I had dinner recently with Cary Singletary, a friend and mentor, who is also a well-respected attorney and tremendously effective mediator. One of the reasons Cary’s mediation practice is so successful (in addition to his skill at the process) is his office. Cary cares about his clients and knows how to create a wonderful experience for them from the moment they arrive until they leave. Cary knows what makes Starbucks great, and he delivers a similar experience to his clients. What’s the secret?
Starbucks doesn’t sell coffee. Starbucks sells "the Starbucks experience." Everything about their stores is designed to make their customers feel welcome and at home. Starbucks knows the value of creating an experience for their customers. So does Cary.
In their book, The Experience Economy, Joe Pine and James Gilmore, discuss economic evolution from commodity based – coffee as beans, selling at a few cents to a dollar a pound – though experience – coffee as a hazelnut latte with free wi-fi and comfy chairs – five dollars a cup! Pine and Gilmore argue that if businesses in the 21st Century are not delivering "experiences" to their customers, they are losing. (Beyond the Experience Economy is the Transformational Economy, but that’s for another post.)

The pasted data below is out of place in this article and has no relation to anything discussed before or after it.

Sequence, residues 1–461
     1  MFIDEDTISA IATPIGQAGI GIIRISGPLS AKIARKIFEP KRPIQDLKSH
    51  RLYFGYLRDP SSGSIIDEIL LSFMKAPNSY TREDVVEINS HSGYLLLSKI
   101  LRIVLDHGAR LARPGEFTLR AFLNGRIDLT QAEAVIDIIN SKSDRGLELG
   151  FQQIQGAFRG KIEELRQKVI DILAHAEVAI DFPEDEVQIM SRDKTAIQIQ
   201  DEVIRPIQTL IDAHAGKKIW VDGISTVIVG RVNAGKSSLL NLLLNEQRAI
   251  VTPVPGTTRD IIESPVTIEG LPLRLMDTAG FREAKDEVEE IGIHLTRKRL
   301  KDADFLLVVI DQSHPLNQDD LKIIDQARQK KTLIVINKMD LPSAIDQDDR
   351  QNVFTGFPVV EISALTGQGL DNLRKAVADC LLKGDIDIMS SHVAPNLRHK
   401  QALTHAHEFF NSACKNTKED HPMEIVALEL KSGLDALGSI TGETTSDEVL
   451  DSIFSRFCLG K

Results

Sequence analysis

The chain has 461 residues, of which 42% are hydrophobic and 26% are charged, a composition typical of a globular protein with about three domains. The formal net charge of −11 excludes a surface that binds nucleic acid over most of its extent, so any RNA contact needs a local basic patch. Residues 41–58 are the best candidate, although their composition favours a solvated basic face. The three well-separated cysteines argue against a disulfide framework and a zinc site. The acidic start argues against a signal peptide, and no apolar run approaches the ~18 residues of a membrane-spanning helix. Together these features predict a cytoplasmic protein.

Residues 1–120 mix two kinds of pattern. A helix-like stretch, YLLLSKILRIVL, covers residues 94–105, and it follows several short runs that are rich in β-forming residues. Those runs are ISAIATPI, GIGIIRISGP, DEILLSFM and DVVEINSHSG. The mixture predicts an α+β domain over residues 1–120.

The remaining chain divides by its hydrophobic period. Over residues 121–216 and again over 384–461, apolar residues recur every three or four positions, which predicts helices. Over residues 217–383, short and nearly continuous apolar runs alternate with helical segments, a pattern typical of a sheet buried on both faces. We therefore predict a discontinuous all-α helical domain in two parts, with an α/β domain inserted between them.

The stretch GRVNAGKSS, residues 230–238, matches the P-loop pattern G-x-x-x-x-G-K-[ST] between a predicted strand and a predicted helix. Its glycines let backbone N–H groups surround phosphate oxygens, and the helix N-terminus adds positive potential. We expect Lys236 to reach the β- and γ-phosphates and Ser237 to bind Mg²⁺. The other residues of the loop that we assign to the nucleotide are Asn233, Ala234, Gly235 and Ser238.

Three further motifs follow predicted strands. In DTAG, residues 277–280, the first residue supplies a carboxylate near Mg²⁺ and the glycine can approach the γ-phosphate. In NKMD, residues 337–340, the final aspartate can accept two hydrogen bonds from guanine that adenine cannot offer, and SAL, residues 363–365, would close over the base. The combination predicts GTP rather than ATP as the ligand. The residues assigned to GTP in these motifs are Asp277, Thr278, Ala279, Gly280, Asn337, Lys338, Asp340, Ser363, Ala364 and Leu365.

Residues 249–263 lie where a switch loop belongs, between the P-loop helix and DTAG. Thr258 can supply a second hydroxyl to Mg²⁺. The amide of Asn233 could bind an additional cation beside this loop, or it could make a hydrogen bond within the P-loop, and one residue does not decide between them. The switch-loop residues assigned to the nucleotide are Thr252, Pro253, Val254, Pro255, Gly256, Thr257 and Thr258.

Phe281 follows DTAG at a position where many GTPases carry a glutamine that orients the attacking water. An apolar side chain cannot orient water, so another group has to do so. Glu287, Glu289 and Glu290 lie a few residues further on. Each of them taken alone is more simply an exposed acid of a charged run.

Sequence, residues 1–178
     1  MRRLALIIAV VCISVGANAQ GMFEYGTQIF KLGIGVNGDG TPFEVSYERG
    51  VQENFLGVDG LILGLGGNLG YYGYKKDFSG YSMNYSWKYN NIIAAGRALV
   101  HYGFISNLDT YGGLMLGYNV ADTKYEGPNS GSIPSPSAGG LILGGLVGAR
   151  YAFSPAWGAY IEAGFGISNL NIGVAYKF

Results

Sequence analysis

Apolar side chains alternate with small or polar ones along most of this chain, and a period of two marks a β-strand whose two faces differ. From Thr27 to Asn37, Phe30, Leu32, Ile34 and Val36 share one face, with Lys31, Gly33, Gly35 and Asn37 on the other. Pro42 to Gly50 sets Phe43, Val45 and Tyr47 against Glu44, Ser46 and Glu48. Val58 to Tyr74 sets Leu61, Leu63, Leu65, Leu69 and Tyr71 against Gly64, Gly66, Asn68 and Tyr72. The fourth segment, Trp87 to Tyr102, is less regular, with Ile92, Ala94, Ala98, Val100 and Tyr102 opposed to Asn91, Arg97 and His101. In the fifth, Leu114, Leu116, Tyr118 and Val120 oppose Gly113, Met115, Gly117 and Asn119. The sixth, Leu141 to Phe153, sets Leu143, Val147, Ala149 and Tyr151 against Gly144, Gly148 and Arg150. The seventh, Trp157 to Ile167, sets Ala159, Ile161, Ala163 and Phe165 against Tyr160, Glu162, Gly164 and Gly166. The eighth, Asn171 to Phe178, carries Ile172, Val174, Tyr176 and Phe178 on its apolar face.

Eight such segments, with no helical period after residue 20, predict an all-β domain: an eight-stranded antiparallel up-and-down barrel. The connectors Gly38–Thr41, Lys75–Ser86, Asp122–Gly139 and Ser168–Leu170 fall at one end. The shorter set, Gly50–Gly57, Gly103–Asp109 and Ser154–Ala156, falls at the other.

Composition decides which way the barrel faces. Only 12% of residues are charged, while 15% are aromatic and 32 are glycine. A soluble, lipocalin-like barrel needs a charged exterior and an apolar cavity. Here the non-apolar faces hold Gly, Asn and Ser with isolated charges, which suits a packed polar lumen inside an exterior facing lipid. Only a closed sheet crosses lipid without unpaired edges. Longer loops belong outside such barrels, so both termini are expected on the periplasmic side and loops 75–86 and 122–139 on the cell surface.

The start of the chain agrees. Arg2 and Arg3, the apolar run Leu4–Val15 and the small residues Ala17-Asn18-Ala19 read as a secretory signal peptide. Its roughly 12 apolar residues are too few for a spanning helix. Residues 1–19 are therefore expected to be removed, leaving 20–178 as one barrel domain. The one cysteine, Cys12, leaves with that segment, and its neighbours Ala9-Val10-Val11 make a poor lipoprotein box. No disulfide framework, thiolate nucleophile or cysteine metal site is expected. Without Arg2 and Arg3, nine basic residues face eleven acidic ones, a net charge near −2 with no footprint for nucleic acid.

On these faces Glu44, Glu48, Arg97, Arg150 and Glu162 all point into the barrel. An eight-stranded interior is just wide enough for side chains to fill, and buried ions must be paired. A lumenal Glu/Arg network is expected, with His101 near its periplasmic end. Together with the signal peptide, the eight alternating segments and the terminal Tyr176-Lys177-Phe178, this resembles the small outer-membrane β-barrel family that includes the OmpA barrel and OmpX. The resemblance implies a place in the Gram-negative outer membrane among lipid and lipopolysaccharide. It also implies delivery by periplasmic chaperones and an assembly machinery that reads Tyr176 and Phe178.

Here’s the Cary Singletary experience: 1) Impeccably decorated office; 2) A secretary who treats everyone who enters with warmth and kindness; 3) Spacious conference rooms with comfortable chairs; 4) Free Wi-Fi; 5) Freshly baked cookies (He has an Otis Spunkmeyer cookie baking machine in his office!) and refreshments throughout the day. There’s more . . . but you get the idea.
So, what are you doing to be better than Starbucks?